In the startup world, there is typically a line drawn between bootstrapped and venture-backed companies. VC-funded companies are expected to grow incredibly fast, to shoot for the moon. Bootstrapped companies tend to grow more slowly and rely on customer-financing. It is almost a religious thing — the rocket riders with puffy jackets versus the craft beer-drinking indie hackers.
As CEO of Tiny, we have been on both of these paths at different times. We’ve been profitable, repurchased shares, and even paid modest dividends. Today, we are burning money after raising $4M from BRV in 2018. Once you get to $1M ARR, the strong distinction made between bootstrapping and VC-backed is not that helpful. Either way, you are now responsible for spending a lot of money, wisely.
It can be a difficult experience to wrap your head around spending a lot more money in your business life than you do in your personal life. As a young technical founder, I found it intensely uncomfortable. I had been brought up thinking that the key with money was not to lose it. By nature, I would make big spreadsheets even to compare which digital camera to buy (back when people bought digital cameras). Dealing with the dotcom bubble burst, 9/11, the global financial crisis, the high cost of living in the San Francisco area, and now the Covid-19 pandemic has reinforced this feeling that economic disaster can be just around the corner and the need to be careful with money.
In particular, marketing and sales are some of the hardest expenses to get comfortable with. It feels so ephemeral to spend money on ad clicks, tradeshows of indeterminate quality, SEO, and even commissions. However, a lot of time and money goes into great marketing and sales. If a product is good, shouldn’t it sell itself? This is the unsaid question that many technical founders have, and they couldn’t be more wrong.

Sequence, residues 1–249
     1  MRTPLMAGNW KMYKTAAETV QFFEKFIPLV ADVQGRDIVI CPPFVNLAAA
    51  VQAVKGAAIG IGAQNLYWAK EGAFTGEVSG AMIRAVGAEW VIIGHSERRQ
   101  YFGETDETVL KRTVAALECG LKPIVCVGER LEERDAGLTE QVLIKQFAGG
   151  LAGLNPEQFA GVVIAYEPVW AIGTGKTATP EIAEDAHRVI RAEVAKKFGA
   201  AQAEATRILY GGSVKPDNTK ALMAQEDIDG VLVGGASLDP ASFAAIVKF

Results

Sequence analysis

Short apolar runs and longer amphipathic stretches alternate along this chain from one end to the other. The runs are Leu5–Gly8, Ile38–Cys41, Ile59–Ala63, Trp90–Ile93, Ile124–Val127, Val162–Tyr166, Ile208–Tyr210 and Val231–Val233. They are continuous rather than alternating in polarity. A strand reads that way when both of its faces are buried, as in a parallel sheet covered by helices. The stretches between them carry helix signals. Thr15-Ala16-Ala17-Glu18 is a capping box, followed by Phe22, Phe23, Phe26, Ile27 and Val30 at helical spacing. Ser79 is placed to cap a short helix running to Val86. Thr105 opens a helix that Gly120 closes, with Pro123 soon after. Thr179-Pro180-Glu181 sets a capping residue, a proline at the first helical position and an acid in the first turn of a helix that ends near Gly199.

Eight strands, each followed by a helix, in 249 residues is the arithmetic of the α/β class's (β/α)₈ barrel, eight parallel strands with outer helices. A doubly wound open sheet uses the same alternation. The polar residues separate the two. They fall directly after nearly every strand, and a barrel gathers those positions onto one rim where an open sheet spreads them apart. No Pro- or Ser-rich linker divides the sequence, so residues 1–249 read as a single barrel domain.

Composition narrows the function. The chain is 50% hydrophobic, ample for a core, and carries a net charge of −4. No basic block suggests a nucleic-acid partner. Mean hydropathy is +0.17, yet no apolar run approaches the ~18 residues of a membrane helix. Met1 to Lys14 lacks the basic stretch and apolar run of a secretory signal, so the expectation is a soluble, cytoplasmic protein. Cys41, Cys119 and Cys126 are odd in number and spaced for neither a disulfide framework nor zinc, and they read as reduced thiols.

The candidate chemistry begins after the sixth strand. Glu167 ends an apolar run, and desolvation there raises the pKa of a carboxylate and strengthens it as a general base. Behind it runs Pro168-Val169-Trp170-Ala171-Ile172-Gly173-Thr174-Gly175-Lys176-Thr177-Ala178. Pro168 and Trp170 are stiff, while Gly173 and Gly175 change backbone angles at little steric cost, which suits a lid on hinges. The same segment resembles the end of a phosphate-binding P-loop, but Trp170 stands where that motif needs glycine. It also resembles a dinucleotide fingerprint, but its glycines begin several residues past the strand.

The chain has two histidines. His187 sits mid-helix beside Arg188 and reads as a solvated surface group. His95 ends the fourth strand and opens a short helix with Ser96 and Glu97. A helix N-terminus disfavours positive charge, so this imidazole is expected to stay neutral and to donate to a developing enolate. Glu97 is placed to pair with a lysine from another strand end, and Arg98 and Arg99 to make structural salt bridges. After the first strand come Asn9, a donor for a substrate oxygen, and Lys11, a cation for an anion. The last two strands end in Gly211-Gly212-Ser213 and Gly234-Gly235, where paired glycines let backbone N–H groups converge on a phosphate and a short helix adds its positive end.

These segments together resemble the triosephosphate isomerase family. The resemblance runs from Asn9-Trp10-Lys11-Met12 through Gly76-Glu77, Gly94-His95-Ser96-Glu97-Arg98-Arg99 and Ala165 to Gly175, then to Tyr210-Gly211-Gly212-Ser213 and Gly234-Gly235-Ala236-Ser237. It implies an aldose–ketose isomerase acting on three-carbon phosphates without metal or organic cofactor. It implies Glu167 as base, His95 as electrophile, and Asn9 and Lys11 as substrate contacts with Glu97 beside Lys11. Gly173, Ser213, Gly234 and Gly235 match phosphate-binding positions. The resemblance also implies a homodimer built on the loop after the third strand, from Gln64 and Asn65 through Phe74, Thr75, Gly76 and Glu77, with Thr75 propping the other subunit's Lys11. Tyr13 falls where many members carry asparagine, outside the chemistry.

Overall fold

Of course, even great products don’t sell themselves. Most SaaS businesses with product-market fit, ourselves included, could be pushing harder even in a tough economy. I have found it helpful to think about this mathematically, and I thought I would share the mental model.
In SaaS, customer acquisition costs (“CAC”) are what you spend on attracting and closing new subscription revenue. These investments are often way more than you imagine. According to KeyBanc, SaaS companies spend $1.14 or more to get $1 in new annual recurring revenue (ARR). If you are trying to add $1M in ARR next year, you would typically expect to spend $1.5M or even $2M in CAC to get there. If you are at $10M ARR and hoping to get to $20M, you may need to spend $20M or more in CAC to get there. Gulp.
Despite the scary numbers, CAC is key to growing your company, and there are some good numbers-based ways of rationalizing the investment. The goal is that when you put a dollar in, you get back more than a dollar of valuation out. Hopefully, significantly more.
With public investors valuing recurring revenue at greater than 10X, this isn’t as hard as it first sounds. If you get $0.50 in new ARR for $1 of marketing and sales costs, you are - in theory - creating $5 in enterprise value (10 x $0.50 = $5.00). This most certainly beats your own “hurdle rates” as an investor, and will meet the needs of many outside investors too.
There are many caveats here, of course, not least of which is that smaller companies don’t tend to attract these sorts of revenue multiples. SaaSCapital says 5.9X is what an average private SaaS business is worth in 2020 and their whitepaper is worth a read. Regardless, I have found this a useful way to think about when to invest and when to pull back.
“Capital efficiency” in SaaS is basically the rate at which cash is converted into ARR. How high you are willing to rev the engine comes down to your appetite for risk, availability of capital, product-market fit, and the nature of the opportunity you are chasing.
Building a scalable, repeatable, and efficient customer acquisition engine is amongst the top priorities of any startup. In an ideal world, you may want to spend $100K to grow by $500K. But, if you are thinking like an investor, spending $100K to get $50K in recurring revenue growth is probably still worth it so long as ARR multiples remain so high. This is particularly true if you have great customer retention and expansion.
As a cash-strapped entrepreneur, it can be hard to wrap your head around the idea that there is plenty of capital in the world and not enough returns. But it is completely true; bank accounts are getting practically 0% interest these days. Putting money to work to build a world-class SaaS business can be a great investment.
Crunch some numbers and get to it!